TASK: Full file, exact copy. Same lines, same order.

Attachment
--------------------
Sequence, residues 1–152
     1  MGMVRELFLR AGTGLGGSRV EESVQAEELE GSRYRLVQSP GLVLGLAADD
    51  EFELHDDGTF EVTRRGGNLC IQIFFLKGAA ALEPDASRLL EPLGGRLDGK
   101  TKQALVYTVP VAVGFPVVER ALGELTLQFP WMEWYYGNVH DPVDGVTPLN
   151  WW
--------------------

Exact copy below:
Sequence, residues 1–152
     1  MGMVRELFLR AGTGLGGSRV EESVQAEELE GSRYRLVQSP GLVLGLAADD
    51  EFELHDDGTF EVTRRGGNLC IQIFFLKGAA ALEPDASRLL EPLGGRLDGK
   101  TKQALVYTVP VAVGFPVVER ALGELTLQFP WMEWYYGNVH DPVDGVTPLN
   151  WW